The Father’s Gift to the Son
The motif of the gift of the elect to the Son is expressed by Jesus on various occasions, particularly in the Gospel of John:
This is the will of the Father who sent Me, that of all He has given Me I should lose nothing, but should raise it up at the last day. And this is the will of Him who sent Me, that everyone who sees the Son and believes in Him may have everlasting life; and I will raise him up at the last day. (6:39-40)
In this passage Jesus makes it clear that He is concerned about every believer being raised up at the last day. This qualifies His statements about what the Father has given Him that would never be lost. It is believers who are given to Christ by the Father, and these believers will never be lost. This affirmation builds upon what Jesus declared only moments earlier:
But I said to you that you have seen Me and yet do not believe. All that the Father gives Me will come to Me, and the one who comes to Me I will by no means cast out. For I have come down from heaven, not to do My own will, but the will of Him who sent Me. (6:36-38)
Jesus is emphatic in His assertion that all whom the Father gives to Him will in fact come to Him. The order here is crucial. Jesus does not say that all who come to Him will then be given to Him by the Father. We do not determine by our response who will be the Father’s gift to the Son. Rather our response is determined by the prior election of God for us to come to the Son as gifts to Him.
The concept of believers being the gifts of the Father to the Son forms a central element of Jesus’ high-priestly prayer in John 17. Jesus makes repeated references to this “giving”:
Father, the hour has come. Glorify Your Son, that Your Son also may glorify You, as You have given Him authority over all flesh, that He should give eternal life to as many as You have given Him. (vv. 1-2)
Christ speaks of the authority He has received from the Father to grant eternal life to certain people. Those certain people are the ones the Father has given to Him.
I have manifested Your name to the men whom You have given Me out of the world. They were Yours, You gave them to Me, and they have kept Your word. Now they have known that all things which You have given Me are from You. For I have given to them the words which You have given Me; and they have received them, and have known surely that I came forth from You; and they have believed that You sent Me.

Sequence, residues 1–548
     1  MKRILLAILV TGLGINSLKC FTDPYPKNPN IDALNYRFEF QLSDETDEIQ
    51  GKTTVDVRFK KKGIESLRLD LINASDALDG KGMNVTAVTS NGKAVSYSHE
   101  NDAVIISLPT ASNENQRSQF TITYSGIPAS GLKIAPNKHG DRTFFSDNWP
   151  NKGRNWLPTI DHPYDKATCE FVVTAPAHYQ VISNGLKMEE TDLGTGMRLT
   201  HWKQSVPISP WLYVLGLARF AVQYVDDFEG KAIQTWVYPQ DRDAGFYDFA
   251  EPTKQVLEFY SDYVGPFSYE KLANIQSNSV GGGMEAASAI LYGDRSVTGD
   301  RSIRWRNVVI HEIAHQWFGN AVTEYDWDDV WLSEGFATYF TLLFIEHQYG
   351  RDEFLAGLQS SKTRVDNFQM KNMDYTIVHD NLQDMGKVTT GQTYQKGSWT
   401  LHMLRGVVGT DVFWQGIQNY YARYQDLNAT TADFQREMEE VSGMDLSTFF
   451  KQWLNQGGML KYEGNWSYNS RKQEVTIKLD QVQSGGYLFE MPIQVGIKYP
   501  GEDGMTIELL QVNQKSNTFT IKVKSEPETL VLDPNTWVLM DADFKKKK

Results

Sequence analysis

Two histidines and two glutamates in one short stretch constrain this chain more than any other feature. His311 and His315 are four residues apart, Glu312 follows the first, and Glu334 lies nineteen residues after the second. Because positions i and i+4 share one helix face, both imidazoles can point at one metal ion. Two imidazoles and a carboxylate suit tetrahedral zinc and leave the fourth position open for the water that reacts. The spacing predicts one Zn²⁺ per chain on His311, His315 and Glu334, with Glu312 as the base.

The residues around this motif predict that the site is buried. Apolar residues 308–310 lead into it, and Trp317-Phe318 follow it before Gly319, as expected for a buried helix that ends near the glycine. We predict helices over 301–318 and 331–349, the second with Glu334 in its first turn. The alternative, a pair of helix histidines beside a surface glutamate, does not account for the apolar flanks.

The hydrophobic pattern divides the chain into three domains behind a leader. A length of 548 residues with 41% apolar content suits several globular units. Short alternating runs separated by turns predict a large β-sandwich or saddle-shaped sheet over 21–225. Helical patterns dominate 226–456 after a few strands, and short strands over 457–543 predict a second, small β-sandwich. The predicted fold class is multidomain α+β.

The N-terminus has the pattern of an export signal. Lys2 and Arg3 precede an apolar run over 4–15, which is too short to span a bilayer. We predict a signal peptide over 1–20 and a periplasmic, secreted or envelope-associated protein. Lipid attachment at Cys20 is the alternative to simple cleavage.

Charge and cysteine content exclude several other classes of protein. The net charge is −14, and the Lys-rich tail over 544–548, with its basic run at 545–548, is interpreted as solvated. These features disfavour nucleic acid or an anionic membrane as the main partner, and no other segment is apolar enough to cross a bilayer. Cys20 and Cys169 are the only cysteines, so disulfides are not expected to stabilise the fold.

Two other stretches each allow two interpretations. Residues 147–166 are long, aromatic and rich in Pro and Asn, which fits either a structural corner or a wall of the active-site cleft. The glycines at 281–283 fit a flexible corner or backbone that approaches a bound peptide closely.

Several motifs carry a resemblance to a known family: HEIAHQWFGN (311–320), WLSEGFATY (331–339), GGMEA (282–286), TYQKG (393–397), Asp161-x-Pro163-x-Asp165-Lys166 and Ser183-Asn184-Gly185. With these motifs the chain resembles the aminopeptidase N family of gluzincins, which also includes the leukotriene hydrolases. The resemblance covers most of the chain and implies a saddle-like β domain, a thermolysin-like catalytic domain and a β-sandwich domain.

I pray for them. I do not pray for the world but for those whom You have given Me, for they are Yours. And all Mine are Yours, and Yours are Mine, and I am glorified in them. Now I am no longer in the world, but these are in the world, and I come to You. Holy Father, keep through Your name those whom You have given Me, that they may be one as We are. While I was with them in the world, I kept them in Your name. Those whom You gave Me I have kept; and none of them is lost except the son of perdition, that the Scripture might be fulfilled. (17:6-12)
In this prayer it is clear that believers are the Father’s gift to the Son, a gift that is not to be lost or destroyed. Jesus prays that these gifts may be kept and not discarded. He thanks the Father that all have been kept except the son of perdition, who is elsewhere described as having been a devil from the beginning. The son of perdition refers here to Judas.
The concept of our adoption in Christ as the Father’s gift to the Son is also declared by the author of Hebrews:
For it was fitting for Him, for whom are all things and by whom are all things, in bringing many sons to glory, to make the captain of their salvation perfect through sufferings. For both He who sanctifies and those who are being sanctified are all of one, for which reason He is not ashamed to call them brethren, saying:
“I will declare Your name to My brethren;
In the midst of the assembly I will sing praise to You.”
“I will put My trust in Him.”
“Here am I and the children whom God has given Me.” (2:10-13)
This text confirms that the elect are given to Christ as His adopted brothers and the Father’s adopted children. This is the astonishing love that would provoke John to utter later, “Behold, what manner of love is this?”
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